Keeping to Time: Reflections on High Royd’s

The dancer burst onto the street, creating a kaleidoscope effect, in her myriad of summer colours. Her carefree spirit brought light to an otherwise grey day and like the other shoppers stood watching her, I found myself temporarily captivated by her artful movements, admiring her expressiveness and charmed by the spontaneity of her dancing.

As the crowd grew however, her dancing became angrier in its expression and what had seemed free spirited, was now betrayed by her spiralling agitation. Sadly, as darkness follows light, the performance ended with the dancer being taken away by the police, dishevelled and wounded looking, her cry piercing the atmosphere with sadness and despair.

1991 was an era that was synonymous with the movement in Mental Health towards community care, but I stood there as a sixteen year old, trying to comprehend the situation and all I could hear were the whispered mutterings about how ‘they are all being released from the asylums’. The sense of discrimination, stigma and prejudice in the air was palpable. Yet, all I could see was her fragility and vulnerability, as she was taken away by the police.

Three years after this occurred, I had an interview at Dales Wing, which was the College of Health linked to High Royd’s Mental Health Hospital in Menston, Leeds. I was Nineteen and I had arranged the interview, as I was keen to re locate from North Yorkshire to Leeds, in order to complete the Mental Health Branch of my Nurse training.

The long and winding High Royd's Drive, which influenced the phrase 'Round the Bend' Photo Credit: Tricia Thorpe @changeleeds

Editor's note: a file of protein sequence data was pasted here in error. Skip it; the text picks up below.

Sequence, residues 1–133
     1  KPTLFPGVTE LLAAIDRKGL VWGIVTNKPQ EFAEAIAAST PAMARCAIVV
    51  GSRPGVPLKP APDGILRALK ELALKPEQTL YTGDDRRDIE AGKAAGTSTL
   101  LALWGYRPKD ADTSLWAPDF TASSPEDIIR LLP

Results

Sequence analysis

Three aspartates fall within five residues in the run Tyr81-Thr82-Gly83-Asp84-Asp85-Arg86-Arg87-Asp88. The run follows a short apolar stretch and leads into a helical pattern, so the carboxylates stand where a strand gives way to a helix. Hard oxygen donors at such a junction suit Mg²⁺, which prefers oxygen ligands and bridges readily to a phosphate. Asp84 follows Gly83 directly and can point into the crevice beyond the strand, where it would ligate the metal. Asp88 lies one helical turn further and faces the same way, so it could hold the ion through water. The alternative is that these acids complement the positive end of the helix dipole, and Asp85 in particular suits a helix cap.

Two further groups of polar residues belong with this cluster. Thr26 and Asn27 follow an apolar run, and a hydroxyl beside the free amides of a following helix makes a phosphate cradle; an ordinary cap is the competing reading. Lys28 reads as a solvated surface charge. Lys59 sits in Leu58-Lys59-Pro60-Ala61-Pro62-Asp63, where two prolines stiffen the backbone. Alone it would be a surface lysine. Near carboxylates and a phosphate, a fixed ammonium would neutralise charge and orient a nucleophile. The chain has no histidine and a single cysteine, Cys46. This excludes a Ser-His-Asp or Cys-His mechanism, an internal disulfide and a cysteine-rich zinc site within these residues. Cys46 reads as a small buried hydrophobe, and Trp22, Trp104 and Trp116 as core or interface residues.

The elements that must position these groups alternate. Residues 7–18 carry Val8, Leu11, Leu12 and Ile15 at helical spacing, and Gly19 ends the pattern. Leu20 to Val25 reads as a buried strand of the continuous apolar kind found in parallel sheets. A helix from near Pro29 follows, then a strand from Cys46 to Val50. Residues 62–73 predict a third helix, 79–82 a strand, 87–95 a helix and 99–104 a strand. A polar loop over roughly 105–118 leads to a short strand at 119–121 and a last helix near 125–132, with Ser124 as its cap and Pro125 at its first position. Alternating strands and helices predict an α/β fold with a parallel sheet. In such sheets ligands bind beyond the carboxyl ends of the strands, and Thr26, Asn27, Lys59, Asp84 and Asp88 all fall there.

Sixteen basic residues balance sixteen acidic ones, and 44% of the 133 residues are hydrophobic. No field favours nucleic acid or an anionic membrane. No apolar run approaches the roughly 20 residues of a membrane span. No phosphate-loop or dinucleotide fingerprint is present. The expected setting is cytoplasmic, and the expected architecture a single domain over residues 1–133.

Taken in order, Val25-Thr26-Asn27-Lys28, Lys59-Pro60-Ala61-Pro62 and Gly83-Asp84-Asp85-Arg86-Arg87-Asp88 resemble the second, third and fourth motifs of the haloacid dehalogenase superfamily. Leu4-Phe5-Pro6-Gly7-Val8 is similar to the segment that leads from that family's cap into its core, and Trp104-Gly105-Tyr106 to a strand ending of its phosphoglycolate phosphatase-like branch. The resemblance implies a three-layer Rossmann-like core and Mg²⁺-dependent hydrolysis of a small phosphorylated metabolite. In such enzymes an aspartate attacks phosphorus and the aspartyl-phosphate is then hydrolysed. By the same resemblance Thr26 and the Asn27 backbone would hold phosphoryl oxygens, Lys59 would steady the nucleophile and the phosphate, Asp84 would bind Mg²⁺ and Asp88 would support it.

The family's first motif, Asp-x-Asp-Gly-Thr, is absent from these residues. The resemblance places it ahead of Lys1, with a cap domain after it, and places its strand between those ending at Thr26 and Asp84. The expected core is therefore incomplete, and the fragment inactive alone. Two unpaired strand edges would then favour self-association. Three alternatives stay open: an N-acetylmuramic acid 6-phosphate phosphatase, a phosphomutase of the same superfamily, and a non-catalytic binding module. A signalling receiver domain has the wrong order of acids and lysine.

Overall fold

The long and winding High Royd’s Drive, which influenced the phrase ‘Round the Bend’
Photo Credit: Tricia Thorpe @changeleeds


I can vividly remember being driven up the long, winding drive and feeling disconcerted by the rural setting in which the hospital was located. I associated Leeds with the bright lights of the city and places like High Royds conjured up an almost mythical image in my mind.

We pulled up outside High Royd’s on a bright summer’s day. The weather contrasted heavily with the darkly dominating gothic architecture of the main building looming in front of me. It was on first impressions as ugly as it was visually appealing. Typically Victorian, it looked sturdy and well made, but also cold and unwelcoming.

The main entrance to High Royds, as it looks now. Photo credit: Tricia Thorpe @changeleeds

The main entrance to High Royds, as it looks now.
Photo credit: Tricia Thorpe @changeleeds


I left my Dad in the car and travelled by foot up the long corridor, which led to the College. The Dales Wing was in fact situated at the furthest point of the main building and is now the relocated Social Club for the residential estate that most of High Royd’s has become.

The corridors were commanding in the scale of their Victorian grandness, but the sumptuousness of the main entrance and committee rooms was solely for the eyes of official visitors in history. The richness of the architecture was strikingly incongruent with the basic and functional look of the clinical areas, tucked away in the depths of the hospital. The effect of the corridor design meant that the clinical areas were not easily discernible and it was possible to visit the hospital without getting any sense at all of what the wards or other clinical areas were like. It also had these huge doors along the corridor, which separated the clinical areas from the public areas of the building. I used to say it was disorientating in an Alice in Wonderland kind of way, as you would never know what was behind the doors, whether they led outside or to another entrance and where the entrance might lead to.

We talk now in Health Care about the 15 Steps Challenge, which is about your first impression of a ward when you initially step onto it. Well reflecting on my first encounter with High Royd’s, I would say that the vastness of the corridors alone left me with a feeling of nervousness and uneasiness, so lets stop and think about how this must have felt for a person in hospital here or indeed a visitor stumbling up the corridor for the first time, on their way to see a loved one.